Mycolic acids as diagnostic markers for tuberculosis case detection in humans and drug efficacy in mice.
Bottom Line: Quantification of specific precursor → fragment transitions of approximately 2000 individual mycolic acids (MAs) resulted in high analytical sensitivity and specificity.Furthermore, we quantified MA species in lung tissue of TB-infected mice and demonstrated effective clearance of MA levels following curative rifampicin treatment.Thus, our results demonstrate for the first time the feasibility and clinical relevance of direct detection of mycobacterial lipids as biomarkers of TB infection.
Affiliation: Yong Loo Lin School of Medicine, Department of Biochemistry, National University of Singapore, Singapore. email@example.comShow MeSH
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Mentions: To evaluate our method for monitoring drug efficacy, we measured MAs in lung tissue of mice infected with MTB. These animals are routinely used in pre-clinical studies for development of novel treatments against TB. One commonly used marker for drug efficacy is body weight, which is only indirectly related to TB infection. The signatures of major MAs in mouse lung (Fig 3A) were very comparable to those observed in human sputum samples (Fig 2B). The bacillary burden of these mice as assessed by CFU in their lungs was 15.2 × 106 on average (as assessed in 5 out of the 10 animals tested for MA levels). We also measured MA levels in TB-infected mice that had been treated with the bactericidal antibiotic rifampicin (30 mg/kg body weight for 4 weeks), after which the mice were cured of TB (no detectable CFU in the lungs) (Jayaram et al, 2003). Impressively, the MAs in lung tissue of treated mice were significantly reduced compared to untreated mice, indicating that MAs were effectively cleared at some point during the 4-week treatment (Fig 3B). Thus, direct monitoring of pulmonary MAs can be used to differentiate TB-infected mice from healthy ones.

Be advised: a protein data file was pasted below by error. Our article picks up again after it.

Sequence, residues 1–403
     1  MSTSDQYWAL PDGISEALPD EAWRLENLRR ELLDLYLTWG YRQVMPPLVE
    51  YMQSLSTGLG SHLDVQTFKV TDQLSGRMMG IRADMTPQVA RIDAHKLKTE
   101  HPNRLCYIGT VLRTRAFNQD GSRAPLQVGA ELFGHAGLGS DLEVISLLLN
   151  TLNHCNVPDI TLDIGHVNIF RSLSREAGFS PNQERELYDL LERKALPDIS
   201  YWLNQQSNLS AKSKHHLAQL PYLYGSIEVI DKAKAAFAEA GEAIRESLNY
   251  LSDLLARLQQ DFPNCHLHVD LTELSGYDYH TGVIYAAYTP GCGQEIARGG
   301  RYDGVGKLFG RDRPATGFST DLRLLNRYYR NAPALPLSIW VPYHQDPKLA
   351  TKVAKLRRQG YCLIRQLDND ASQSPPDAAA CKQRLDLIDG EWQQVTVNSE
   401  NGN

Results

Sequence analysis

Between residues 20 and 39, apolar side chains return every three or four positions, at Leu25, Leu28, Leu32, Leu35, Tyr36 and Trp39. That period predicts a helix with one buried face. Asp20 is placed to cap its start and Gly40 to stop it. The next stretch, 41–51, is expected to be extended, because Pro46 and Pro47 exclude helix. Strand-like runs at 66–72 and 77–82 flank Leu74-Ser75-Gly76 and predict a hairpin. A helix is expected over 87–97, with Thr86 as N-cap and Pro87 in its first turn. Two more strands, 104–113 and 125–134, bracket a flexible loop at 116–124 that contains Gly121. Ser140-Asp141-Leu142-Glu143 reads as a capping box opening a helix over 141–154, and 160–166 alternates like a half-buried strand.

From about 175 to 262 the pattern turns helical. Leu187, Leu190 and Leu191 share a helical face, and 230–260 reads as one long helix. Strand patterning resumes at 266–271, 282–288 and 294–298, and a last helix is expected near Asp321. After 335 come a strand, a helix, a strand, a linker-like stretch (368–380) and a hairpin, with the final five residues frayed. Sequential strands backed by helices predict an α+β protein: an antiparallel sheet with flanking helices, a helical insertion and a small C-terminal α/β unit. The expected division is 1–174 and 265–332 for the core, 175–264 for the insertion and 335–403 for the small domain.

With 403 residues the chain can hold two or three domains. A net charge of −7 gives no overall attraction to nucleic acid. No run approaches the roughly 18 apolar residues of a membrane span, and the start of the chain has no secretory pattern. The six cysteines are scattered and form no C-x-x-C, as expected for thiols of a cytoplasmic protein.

Affiliation: Yong Loo Lin School of Medicine, Department of Biochemistry, National University of Singapore, Singapore. firstname.lastname@example.org